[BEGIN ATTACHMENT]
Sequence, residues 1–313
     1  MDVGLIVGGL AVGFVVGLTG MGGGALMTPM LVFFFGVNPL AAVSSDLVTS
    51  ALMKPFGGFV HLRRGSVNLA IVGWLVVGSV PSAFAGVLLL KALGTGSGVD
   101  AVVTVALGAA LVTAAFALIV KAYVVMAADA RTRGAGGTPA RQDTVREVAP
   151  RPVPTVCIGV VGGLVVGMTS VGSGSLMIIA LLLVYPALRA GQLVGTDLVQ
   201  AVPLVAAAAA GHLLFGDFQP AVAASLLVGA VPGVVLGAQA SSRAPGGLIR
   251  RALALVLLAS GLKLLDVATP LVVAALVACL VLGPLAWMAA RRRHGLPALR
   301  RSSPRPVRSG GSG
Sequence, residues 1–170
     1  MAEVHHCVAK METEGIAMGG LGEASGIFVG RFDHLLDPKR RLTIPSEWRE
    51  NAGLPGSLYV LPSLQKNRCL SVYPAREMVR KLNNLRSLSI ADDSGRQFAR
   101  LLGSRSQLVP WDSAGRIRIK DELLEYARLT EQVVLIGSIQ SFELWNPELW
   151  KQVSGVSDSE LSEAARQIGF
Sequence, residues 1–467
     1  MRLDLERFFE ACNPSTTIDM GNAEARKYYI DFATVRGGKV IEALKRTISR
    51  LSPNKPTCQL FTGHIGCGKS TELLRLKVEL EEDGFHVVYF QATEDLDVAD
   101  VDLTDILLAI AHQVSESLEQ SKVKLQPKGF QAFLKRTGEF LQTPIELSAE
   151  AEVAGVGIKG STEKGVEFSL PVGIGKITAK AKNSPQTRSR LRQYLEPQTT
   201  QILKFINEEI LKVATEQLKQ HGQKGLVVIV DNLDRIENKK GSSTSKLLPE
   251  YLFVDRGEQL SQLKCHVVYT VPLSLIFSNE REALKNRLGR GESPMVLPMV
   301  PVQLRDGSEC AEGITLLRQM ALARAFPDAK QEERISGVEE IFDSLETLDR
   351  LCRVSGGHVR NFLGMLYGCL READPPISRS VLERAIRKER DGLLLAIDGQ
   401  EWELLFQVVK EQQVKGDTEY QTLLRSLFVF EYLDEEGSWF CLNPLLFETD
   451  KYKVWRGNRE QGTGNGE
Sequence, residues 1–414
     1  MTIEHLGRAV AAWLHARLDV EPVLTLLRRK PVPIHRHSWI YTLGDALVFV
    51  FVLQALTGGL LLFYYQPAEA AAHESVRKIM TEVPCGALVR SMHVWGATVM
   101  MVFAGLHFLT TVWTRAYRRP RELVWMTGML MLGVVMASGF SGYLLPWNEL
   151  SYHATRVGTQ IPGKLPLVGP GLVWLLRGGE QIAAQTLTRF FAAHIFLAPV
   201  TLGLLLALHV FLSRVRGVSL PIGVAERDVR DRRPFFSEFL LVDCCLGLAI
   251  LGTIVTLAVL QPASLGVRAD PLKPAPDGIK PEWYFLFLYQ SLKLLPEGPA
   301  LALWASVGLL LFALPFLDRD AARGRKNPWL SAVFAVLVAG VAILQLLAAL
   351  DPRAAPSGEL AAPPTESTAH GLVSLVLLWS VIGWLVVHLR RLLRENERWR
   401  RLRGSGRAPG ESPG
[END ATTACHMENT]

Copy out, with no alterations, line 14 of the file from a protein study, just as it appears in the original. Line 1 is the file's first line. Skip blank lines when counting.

Sequence, residues 1–467